Before their closing ‘In Paradisum’, and their bell-accompanied, haunting augmented fourths or diminished fifths (the close balancing the original ‘Requiem aeternam’), at Coventry the final duet, the tenor’s ‘It seemed that out of battle I escaped…’ and the German’s ‘I am the enemy you killed, my friend’, so aptly originated with Peter Pears (Owen’s Tommy) and Dietrich Fischer-Dieskau (the Hun), was utterly searing. If anything was needed to confirm the work a masterpiece and Britten a genius, here it was.

I have seen a little less amateur theatre this year. Yet early this winter I found myself at the Criterion Theatre in Earlsdon. The Criterion company, launched in 1961 in Coventry, has had a mixed career. Periodically it has failed to hit the jackpot.


But now the Cri, as it is fondly known, has really picked up. I missed their Christmas offering, Alan Bennett’s adaptation of The Wind in the Willows. There wasn’t a ticket to be had. Marvellous.  

But I couldn’t resist nipping down (again a last seat available) to see their staging of I Am Shakespeare, a fascinating look at who ‘really’ wrote Shakespeare’s plays. Nor would I miss, for anything, Ann-marie Greene’s staging of a play written by none other than Sir Mark Rylance, my theatrical hero, whether in man’s or woman’s clothes.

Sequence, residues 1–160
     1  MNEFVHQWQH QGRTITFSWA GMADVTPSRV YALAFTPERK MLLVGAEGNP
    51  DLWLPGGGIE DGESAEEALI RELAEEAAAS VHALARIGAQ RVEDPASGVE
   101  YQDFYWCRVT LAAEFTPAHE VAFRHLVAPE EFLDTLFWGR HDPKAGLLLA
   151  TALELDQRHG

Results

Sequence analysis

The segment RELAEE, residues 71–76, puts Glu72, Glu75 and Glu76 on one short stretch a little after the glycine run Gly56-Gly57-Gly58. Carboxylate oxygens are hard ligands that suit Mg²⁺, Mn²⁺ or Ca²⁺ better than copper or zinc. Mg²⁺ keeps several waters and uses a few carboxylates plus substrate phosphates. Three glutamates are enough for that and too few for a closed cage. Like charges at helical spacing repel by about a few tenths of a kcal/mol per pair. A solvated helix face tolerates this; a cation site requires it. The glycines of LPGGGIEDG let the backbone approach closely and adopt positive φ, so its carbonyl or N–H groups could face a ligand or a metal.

And there HE was, as I’d fervently prayed, in Coventry that Friday night! His play, a collaboration (2007) which easily predated the 2011 film Anonymous starring Rhys Ifans as the Earl of Oxford (played here by Pete Meredith) features a delightful, and perceptive, tussle between a motley gang of characters circling around ‘Shakspar’ himself (Alan Fenn). It’s as intriguing as an Agatha Christie, or Josephine Tey’s The Daughter of Time (which exonerates Richard III, one of Mark Rylance’s more shamelessly evil portrayals).

Rylance’s play starts as it unfolds, highly entertainingly, with a very funny opening soliloquy. Right from the start, the Criterion company’s subtlety and precision must have delighted their knight-visitor, who has not seen it staged – ludicrously, for it is so pithily crafted, agile and smart - since that original London production. A travesty.